Biointerfaces Institute

Redefining collaboration in the physical and life sciences

Contact Us: 734.763.7924


Steven Schwendeman

Ara G. Paul Professor and Chair, Department of Pharmaceutical Sciences Biointerfaces Institute - Executive Committee

Biomaterials & Drug Delivery

The Schwendeman Group develops advanced polymer-based controlled drug delivery approaches, including: physical chemistry of poly(lactic-co-glycolic acid) (PLGA) and related polymers; aqueous-based encapsulation of biomacromolecules in PLGAs, mechanisms of polymer healing and drug-polymer interactions; mechanisms of instability of small and large molecules in PLGAs particularly proteins and peptides; vaccine delivery from PLGAs; PLGA nanoparticle formulation; and development of mucoadhesive polymers/formulations for intraoral and intranasal delivery.  These drug delivery strategies are most often applied to important therapeutic targets, e.g., angiogenesis in cardiovascular disease, anti-angiogenesis for macular degeneration, bone regeneration, anti-cancer therapies, and diabetes. 

Schwendeman Lab



Anna Schwendeman

Assistant Professor, Pharmaceutical Sciences, College of Pharmacy


Schwenedeman's principal research interest is to understand how phospholipid composition of high-density lipoprotein (HDL) affects its potency and to design short synthetic peptides that mimic various functions of Apolipoprotein A-I, the main HDL protein. Laboratory work focuses on HDL for treatment of sepsis, Alzheimer's disease, complications of diabetes, lupus and other autoimmune diseases and using synthetic HDL nanoparticles for targeted drug delivery purposes and designing artificial HDL based on gold nanoparticles. Long-term research goal includes the design of highly potent synthetic HDL nanoparticles to treat atherosclerosis.

Schwendeman Lab



Lonnie Shea

William and Valerie Hall Chair, Biomedical Engineering; Professor, Biomedical Engineering

Cell & Tissue Engineering

Shea Lab



Diane Simeone

Lazar J Greenfield Professor, Surgery; Professor, Surgery; Professor, Molecular and Integrative Physiology; Associate Chair of Research, and Director of Translational Research, Medical School

Cell & Tissue Engineering



Mike Solomon

Professor, Chemical Engineering & Macromolecular Science and Engineering Associate Dean for Academic Programs and Initiatives, Rackham Graduate School


Solomon Group research interests are in the area of soft matter - materials with properties intermediate between fluids and solids. The Solomon group has developed and applied 3D confocal microscopy, rheological, and light scattering methods to study the soft matter phenomena of self-assembly, gelation, and the biomechanics of bacterial biofilms.

Solomon Lab



William Stacey

Associate Professor, Neurology and Biomedical Engineering

Microfluidics & Sensors

Dr. Stacey’s lab is dedicated to developing better implantable devices to control epilepsy.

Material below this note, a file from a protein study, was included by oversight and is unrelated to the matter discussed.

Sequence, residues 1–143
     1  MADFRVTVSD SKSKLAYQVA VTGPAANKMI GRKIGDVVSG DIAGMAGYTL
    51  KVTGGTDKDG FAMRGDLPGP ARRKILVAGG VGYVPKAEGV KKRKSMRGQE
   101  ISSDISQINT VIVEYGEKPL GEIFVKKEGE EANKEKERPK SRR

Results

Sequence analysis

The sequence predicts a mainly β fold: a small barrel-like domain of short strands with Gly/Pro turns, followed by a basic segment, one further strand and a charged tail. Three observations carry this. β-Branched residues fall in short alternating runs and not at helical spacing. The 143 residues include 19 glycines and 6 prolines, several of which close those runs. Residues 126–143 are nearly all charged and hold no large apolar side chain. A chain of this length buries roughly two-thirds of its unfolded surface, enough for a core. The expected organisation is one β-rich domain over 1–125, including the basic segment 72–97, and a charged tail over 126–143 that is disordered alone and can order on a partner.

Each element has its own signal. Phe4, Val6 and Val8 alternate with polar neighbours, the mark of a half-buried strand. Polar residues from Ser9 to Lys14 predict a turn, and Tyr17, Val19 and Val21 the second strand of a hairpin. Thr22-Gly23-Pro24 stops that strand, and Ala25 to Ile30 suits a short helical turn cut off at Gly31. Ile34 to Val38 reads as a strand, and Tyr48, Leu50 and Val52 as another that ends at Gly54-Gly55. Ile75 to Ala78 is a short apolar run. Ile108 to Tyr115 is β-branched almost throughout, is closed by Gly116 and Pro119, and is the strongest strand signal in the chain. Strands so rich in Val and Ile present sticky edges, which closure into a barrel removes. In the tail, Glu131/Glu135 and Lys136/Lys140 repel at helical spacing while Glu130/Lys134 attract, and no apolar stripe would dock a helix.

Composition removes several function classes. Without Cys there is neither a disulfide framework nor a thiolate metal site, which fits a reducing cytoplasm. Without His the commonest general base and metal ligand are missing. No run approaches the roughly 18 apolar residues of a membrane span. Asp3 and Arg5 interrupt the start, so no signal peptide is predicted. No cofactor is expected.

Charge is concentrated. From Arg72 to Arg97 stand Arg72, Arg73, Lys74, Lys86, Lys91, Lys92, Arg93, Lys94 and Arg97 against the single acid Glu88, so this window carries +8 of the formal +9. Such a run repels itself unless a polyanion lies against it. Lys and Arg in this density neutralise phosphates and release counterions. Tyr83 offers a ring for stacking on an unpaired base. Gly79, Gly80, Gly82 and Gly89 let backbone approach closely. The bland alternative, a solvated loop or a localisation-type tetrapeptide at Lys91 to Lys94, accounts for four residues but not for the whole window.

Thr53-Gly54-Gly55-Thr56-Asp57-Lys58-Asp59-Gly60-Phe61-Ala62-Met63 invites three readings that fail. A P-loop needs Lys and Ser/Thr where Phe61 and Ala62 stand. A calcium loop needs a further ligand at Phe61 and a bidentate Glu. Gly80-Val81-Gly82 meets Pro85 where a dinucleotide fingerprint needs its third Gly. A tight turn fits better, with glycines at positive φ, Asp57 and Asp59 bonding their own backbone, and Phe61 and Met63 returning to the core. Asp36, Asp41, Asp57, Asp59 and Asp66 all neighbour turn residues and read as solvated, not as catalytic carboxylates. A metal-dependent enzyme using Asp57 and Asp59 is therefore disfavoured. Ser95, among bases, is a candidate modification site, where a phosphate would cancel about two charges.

Stacey Lab



Shuichi Takayama

Professor, Biomedical Engineering and Macromolecular Science and Engineering Biointerfaces Institute – Executive Committee

Microfluidics & Sensors

Current research interests of the Takayama Group include: micro/nanofluidics, cellular microenvironment engineering, epigenetics, and protein biomarker analysis. Technologically, the group works on microfluidics, aqueous two phase systems, self-switching fluidic circuits, and nanofluidics that are used to construct microfluidic models of the body such as artificial oviducts for enhanced in vitro fertilization treatment, microtissue engineered models of lung injury, and 3D models of cancer metastasis for drug testing. Work also includes multiplexed immunoassays, multi-color histone modification mapping from single chromatin strands, and studying timing and rhythms of cell signaling.

Takayama Lab



Peter Tessier

Albert M. Mattocks Professor of Pharmaceutical Sciences and Chemical Engineering

Biomaterials & Drug Delivery

The Tessier lab aims to develop next generation technologies for designing, discovering, engineering, characterizing, formulating and delivering biologics ranging from small affinity peptides to large monoclonal antibodies for molecular imaging, diagnostic and therapeutic applications.

Tessier Lab



Anish Tuteja

Associate Professor, Materials Science and Engineering

Biomaterials & Drug Delivery

The Tuteja Group research interests are in the area of surface science. Specifically, the Group works on developing so called super-omniphobic surfaces (surfaces on which all liquids bead up and roll-off). They have also developed a novel technique to fabricate, on a very large scale, nano- and micro- particles of any size, shape, or chemistry. The developed particles shape, size and composition can be used to engineer bio-distribution, skin or lung uptake, intra-cellular localization and cell response. This technique can also be used to fabricate mono-, bi- (or Janus), tri- and multi-phasic polymeric particles with any desired composition.

Tuteja Group



Scott VanEpps

Assistant Professor, Emergency Medicine

Biomaterials & Drug Delivery

Dr. VanEpps research currently focuses on the prevention and treatment of medical device related infection.

Van Epps